Andrew R. Arthur, Center for Immigration Studies, March 3, 2022
On February 28, NBC News ran a piece captioned “Undocumented day laborers face harsh work prospects due to immigration spike”. As hard as it is to believe, neither the headline nor the video itself is satire.
The primary focus is on workers at the corner of Division and Marcy Avenues in the Williamsburg section of Brooklyn, known as La Parada, or “the stop”. The voiceover explains, “This is a place where immigrant women find a job for the day, primarily doing domestic work. Every day, up to 150 women wait here, bargaining for hourly pay that is often below minimum wage.”
Why, exactly, would workers bargain for pay that falls below the state and/or federal minimum? The video continues: “Often, these day laborers are undocumented.”
Here’s the problem, according to NBC News: “With more women looking for work, there is more competition. Desperate to find a job and with little to no English, many new arrivals don’t negotiate their rate.”
The piece then flips to interviews with two Ecuadoran women recently released from ICE detention who have been here for a month and three weeks, respectively. Neither of them expressed any fear of harm back home because of their race, religion, nationality, membership in a particular social group — that is, any of the grounds for asylum. Rather, they came to the United States purely for economic reasons.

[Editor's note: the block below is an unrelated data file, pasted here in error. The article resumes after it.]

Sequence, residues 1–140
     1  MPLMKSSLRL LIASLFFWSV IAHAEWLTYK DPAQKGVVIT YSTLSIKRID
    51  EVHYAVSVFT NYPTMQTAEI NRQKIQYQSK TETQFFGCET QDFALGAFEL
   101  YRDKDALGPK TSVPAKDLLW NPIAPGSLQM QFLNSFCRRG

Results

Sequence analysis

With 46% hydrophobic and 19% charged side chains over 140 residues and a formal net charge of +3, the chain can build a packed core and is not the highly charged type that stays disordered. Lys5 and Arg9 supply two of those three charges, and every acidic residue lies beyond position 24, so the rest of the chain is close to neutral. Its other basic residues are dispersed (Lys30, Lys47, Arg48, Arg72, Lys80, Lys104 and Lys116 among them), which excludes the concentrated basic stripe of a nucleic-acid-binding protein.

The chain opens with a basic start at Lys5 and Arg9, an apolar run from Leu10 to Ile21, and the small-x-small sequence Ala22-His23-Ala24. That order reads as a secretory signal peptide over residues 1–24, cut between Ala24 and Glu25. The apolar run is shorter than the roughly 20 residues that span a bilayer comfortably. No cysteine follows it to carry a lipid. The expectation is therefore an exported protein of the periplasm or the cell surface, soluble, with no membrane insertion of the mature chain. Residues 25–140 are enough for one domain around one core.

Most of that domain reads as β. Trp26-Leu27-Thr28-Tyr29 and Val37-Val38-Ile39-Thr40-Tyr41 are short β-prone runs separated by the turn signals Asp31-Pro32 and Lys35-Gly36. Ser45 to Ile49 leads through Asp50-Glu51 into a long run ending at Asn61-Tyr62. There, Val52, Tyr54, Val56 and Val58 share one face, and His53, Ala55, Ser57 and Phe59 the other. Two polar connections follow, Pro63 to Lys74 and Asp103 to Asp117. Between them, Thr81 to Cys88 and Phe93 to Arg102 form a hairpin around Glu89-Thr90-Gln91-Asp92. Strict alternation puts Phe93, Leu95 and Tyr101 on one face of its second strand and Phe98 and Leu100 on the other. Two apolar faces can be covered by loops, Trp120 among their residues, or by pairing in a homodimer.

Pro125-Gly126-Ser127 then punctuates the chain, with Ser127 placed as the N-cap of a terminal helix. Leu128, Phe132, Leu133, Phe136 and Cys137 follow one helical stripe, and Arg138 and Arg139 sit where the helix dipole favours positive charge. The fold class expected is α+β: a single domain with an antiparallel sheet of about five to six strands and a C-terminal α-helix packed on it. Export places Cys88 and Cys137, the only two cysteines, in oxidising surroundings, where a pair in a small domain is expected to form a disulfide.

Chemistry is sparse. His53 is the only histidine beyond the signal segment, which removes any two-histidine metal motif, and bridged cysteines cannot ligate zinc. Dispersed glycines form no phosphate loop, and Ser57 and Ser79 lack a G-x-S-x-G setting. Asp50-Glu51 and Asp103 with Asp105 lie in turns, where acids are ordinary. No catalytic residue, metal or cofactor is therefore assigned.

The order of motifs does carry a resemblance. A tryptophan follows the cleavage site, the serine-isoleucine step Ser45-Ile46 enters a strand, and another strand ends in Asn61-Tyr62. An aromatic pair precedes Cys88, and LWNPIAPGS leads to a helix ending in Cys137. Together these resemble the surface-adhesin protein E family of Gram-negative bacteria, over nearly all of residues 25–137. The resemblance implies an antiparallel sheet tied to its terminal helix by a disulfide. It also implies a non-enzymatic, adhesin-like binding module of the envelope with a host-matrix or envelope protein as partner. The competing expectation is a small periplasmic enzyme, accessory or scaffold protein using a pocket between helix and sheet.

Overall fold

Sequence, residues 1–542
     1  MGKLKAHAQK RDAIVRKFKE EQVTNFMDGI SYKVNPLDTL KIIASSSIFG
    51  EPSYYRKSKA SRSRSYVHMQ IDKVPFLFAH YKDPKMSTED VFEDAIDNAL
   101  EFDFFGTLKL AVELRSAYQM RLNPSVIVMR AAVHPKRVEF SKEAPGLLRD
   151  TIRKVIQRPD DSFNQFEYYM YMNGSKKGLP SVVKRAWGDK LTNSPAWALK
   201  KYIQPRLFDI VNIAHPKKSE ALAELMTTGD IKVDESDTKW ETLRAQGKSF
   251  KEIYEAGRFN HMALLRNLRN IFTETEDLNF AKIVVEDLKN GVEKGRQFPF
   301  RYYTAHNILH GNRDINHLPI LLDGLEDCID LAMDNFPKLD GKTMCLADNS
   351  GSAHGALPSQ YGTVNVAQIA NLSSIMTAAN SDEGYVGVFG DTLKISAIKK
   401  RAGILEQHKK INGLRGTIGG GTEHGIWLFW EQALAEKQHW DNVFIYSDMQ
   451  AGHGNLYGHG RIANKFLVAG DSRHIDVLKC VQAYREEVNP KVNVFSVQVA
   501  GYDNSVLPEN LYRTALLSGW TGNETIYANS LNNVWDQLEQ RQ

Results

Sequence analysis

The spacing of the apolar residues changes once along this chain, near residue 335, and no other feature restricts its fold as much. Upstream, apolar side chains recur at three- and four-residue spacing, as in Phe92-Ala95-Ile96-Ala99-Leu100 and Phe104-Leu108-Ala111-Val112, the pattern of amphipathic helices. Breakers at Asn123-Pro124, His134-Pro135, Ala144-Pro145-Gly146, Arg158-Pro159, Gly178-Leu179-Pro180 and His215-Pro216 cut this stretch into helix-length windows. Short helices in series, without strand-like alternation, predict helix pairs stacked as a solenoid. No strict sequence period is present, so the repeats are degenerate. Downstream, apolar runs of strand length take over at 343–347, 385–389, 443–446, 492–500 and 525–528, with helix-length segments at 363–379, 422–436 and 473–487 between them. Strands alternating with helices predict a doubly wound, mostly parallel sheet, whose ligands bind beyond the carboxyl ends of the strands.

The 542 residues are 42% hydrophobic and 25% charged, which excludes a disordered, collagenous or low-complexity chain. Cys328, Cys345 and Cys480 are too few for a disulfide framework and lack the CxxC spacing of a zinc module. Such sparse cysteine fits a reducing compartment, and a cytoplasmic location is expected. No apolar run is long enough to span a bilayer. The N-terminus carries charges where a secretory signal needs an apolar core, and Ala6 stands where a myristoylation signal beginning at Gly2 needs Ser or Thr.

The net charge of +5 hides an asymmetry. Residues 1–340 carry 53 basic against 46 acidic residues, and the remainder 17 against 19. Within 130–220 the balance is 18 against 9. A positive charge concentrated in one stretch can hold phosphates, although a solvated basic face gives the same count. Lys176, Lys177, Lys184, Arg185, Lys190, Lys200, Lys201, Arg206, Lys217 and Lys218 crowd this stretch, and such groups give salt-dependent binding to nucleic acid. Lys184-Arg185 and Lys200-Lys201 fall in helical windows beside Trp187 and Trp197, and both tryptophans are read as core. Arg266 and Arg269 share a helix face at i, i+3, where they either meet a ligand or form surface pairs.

According to the reporter: “These women represent the face of a new wave of immigration from Ecuador.” CBP encounters with Ecuadoran nationals were up sevenfold in FY 2021 over the prior fiscal year (to just over 97,000 migrants), she explains.
The piece then turns to a local Ecuadoran who runs a community center for his fellow nationals and other Latin Americans in New York City. Even though he has been in the United States for 34 years, he contends that corruption, security issues, and economic instability back home are what is driving the Ecuadoran exodus to the United States.
Then the discussion moves abruptly to what it terms “wage theft”, in which workers are being not paid, or not receiving the full agreed-upon rate. Some 26 percent of the women day laborers at La Parada were victims of this offense in 2021, according to the “Workers’ Justice Project”.
The Ecuadoran community organizer explains that he has seen this happen across other occupations (decrying wage theft as “a new modern slavery”) and asserts that while he teaches workers how to file complaints, it is a lengthy process that many abandon.
New York may be one large sanctuary jurisdiction as it relates to immigration enforcement, but NBC News quotes the state’s Department of Labor, which contends that it is serious about the labor laws: “We begin processing wage theft claims immediately upon receiving the complaint. The processing … usually takes about four weeks to complete.” (Ellipsis in original.)